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A Rant about Substitutions in Recipes

What do I use as a substitute for pork (i.e. fat, bacon, ham, etc.), especially when pork fat is part of the recipe (as I've found in a few French recipes I've come across)? My family doesn't eat pork or shellfish.

You know, there are a billion recipes out there now, and 75 million French ones.

What is the point of being so wedded to a recipe that includes ingredients that you don't like, or won't eat, or are above your calorie/fat/sodium/zinc thresholds, or that some health-care professional has told you simply may not have, etc., etc. Get another recipe.

Clearly we are not just addressing you we get questions every single day from people who have a recipe they want to use, but there's just this one teensy thing holding them back they object to one or more (generally crucial) ingredients. Often they want all the flavor of something their grandmother made in the 1950s, please, but with half the calories and none of the fat. Guess what? It just doesn't work.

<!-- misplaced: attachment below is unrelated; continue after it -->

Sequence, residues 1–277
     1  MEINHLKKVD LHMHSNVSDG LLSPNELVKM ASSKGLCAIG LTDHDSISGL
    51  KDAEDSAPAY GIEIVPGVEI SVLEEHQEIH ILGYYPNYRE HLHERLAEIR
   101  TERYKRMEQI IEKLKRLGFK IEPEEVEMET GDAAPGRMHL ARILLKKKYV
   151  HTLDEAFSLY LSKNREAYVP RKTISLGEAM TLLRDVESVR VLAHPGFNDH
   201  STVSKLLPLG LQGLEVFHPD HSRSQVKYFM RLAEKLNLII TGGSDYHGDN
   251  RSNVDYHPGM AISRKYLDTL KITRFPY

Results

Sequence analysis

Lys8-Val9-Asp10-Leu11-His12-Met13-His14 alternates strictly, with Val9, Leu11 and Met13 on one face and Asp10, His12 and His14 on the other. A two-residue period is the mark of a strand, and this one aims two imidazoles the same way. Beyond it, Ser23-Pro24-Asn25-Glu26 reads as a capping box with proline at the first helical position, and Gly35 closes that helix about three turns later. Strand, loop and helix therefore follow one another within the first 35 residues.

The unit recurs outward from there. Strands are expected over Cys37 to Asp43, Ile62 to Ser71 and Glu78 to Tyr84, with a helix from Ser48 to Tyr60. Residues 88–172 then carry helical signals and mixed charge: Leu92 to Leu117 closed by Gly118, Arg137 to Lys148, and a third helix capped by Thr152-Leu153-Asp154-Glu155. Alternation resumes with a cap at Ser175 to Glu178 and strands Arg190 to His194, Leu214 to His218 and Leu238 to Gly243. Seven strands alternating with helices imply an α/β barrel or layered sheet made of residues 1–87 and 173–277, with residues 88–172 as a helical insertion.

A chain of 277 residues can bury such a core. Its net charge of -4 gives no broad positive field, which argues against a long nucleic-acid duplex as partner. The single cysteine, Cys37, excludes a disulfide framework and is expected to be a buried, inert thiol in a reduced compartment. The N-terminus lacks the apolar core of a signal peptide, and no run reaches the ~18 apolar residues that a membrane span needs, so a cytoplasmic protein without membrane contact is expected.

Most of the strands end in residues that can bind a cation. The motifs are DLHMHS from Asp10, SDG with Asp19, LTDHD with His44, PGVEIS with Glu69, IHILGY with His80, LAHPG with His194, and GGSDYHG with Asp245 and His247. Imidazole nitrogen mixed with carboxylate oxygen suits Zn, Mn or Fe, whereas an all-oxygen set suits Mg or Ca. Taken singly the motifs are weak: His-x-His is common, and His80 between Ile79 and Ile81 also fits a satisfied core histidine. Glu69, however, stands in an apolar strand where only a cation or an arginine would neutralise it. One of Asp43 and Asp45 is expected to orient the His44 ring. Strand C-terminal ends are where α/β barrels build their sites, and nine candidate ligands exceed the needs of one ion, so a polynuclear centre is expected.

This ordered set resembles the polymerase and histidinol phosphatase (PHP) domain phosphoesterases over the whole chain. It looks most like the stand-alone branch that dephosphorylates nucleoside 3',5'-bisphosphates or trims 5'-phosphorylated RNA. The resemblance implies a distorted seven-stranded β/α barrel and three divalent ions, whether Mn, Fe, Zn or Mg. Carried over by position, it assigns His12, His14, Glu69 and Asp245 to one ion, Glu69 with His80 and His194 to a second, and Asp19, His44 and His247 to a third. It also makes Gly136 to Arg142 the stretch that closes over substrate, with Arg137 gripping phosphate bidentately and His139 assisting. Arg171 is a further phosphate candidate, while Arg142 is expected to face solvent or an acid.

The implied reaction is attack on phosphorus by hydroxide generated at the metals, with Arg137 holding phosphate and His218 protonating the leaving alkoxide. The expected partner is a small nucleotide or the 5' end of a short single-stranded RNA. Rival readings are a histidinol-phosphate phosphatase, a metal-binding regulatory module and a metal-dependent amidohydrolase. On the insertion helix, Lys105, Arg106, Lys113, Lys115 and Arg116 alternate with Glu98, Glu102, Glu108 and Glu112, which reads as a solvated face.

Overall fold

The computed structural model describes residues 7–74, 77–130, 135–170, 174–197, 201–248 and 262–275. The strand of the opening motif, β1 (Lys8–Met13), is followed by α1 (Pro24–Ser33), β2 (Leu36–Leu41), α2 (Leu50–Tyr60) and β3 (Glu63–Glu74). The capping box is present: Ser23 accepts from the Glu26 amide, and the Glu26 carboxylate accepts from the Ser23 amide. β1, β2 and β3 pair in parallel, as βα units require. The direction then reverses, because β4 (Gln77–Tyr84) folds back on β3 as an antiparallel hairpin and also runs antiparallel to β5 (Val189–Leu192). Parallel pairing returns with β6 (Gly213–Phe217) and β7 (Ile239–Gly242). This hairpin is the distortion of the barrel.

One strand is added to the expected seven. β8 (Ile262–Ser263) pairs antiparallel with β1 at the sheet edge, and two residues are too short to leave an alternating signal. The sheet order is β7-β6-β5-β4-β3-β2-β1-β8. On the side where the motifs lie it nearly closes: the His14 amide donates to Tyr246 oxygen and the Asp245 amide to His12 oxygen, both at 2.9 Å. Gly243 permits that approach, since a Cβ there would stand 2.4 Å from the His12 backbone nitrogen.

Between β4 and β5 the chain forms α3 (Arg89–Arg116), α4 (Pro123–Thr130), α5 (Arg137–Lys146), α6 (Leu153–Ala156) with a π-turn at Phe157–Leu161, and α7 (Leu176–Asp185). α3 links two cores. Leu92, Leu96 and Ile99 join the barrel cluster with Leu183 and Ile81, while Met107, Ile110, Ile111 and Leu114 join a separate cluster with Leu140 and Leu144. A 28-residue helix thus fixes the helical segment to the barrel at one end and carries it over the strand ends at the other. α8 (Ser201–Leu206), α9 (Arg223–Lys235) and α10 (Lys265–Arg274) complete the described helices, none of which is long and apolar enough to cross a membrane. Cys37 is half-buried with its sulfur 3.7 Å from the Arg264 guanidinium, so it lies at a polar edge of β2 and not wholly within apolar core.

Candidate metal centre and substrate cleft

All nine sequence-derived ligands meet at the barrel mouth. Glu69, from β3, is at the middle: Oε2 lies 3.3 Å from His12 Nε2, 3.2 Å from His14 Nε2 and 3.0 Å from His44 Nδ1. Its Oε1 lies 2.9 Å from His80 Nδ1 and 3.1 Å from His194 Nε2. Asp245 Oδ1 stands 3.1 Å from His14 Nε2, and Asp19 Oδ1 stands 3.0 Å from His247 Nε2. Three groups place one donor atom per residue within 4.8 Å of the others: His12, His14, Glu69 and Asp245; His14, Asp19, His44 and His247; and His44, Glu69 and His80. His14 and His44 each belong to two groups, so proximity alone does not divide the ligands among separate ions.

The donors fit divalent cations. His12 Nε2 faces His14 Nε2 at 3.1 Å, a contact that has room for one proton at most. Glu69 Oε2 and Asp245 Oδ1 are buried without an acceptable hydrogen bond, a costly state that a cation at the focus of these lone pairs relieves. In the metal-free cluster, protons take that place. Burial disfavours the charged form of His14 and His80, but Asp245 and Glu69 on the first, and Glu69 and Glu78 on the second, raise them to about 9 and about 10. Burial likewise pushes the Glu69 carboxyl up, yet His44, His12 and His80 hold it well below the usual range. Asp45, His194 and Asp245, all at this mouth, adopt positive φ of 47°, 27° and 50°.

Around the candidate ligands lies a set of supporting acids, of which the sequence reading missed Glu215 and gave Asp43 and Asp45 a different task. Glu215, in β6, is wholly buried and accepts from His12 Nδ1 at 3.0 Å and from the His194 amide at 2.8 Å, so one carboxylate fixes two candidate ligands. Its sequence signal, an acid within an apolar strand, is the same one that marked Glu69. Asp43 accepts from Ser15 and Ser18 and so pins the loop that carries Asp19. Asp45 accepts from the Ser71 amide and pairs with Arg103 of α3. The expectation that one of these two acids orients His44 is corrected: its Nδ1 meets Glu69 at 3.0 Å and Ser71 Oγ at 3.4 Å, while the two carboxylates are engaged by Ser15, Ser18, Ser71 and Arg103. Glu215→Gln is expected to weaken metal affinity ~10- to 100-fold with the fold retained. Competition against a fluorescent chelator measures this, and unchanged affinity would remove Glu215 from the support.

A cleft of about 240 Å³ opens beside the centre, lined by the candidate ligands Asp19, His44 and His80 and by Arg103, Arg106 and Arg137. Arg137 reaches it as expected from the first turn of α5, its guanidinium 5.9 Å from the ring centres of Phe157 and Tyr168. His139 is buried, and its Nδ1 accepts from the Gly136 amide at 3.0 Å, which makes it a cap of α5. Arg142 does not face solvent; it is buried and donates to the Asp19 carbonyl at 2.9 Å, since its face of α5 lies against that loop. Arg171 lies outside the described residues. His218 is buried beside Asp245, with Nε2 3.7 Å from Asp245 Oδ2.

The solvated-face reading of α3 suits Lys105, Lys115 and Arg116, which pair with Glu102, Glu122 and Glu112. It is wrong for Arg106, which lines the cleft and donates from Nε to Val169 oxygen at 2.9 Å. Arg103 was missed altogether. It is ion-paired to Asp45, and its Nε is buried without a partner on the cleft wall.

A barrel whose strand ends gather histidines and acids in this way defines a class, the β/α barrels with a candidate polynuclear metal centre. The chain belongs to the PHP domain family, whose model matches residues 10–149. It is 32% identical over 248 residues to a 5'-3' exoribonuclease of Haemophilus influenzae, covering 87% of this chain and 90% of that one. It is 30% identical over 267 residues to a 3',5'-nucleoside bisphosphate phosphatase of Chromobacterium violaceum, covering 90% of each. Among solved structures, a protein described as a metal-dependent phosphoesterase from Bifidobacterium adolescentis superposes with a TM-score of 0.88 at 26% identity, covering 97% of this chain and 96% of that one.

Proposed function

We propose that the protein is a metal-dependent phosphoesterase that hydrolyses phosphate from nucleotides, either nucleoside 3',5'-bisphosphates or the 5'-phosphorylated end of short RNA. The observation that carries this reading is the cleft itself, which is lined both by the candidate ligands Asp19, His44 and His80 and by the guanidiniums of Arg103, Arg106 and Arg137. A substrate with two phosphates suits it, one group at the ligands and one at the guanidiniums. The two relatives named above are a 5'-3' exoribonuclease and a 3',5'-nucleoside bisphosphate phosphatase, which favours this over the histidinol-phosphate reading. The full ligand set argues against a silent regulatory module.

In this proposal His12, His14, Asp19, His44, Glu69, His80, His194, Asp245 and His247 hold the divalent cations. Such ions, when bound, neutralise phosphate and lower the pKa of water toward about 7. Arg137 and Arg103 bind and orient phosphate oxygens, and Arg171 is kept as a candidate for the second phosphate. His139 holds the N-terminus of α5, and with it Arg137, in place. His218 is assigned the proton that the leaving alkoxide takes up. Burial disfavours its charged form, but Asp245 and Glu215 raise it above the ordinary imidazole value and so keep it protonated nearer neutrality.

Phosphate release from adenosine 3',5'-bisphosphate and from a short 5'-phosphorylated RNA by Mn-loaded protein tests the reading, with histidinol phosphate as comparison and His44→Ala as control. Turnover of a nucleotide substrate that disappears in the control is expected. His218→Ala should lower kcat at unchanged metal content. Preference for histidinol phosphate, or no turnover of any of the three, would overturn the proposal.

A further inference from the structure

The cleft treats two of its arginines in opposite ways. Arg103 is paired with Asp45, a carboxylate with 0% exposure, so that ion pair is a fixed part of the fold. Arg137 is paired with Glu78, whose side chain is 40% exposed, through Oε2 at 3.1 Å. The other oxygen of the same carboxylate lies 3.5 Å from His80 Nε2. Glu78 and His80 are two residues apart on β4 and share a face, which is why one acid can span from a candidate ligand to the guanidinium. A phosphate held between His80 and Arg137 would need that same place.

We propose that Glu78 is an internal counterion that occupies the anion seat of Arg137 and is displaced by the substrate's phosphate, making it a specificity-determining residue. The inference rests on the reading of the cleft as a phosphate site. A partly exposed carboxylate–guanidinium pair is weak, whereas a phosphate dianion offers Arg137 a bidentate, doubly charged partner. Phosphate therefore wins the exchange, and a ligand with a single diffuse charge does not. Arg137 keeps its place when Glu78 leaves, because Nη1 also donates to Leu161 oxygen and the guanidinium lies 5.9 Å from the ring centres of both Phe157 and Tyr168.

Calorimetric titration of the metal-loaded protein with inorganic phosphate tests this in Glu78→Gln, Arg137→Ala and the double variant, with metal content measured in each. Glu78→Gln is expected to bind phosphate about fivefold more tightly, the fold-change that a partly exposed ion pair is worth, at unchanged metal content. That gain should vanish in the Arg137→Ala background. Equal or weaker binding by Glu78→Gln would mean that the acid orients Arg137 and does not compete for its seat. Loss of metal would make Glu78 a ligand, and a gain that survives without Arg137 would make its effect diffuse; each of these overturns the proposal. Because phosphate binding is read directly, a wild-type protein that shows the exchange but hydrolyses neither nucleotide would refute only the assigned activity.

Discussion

We love that you cook. We love that you are looking for new ideas. We love that you are staying true to yourself and to the dietary restrictions you are following.

But there are cookbooks on the market (and, perhaps less reliably, recipes on the Internet) that cover every diet, every religious exception, every health concern, with recipes excluding every ingredient you and everyone else wants to avoid. Yes, that limits your pool of recipes, but there are thousands, tens of thousands, possibly hundreds of thousands that still meet your dietary parameters. Why not save yourself a lot of trouble and use cookbooks and recipes that have already been engineered for your specific needs, wants, and avoidances?

You might be able to use chicken fat, goose or duck fat, or beef fat in the recipes you've found. They might be delicious, but, of course, it depends on what you're cooking and how the ingredient is used. Louis Rich makes a turkey "bacon," which is said to be the best bacon substitute on the market. It's selling point is that it does not provide the fat that regular bacon does, so it might not perform as expected in some recipes. Corned beef might be an acceptable substitute for ham in certain situations.

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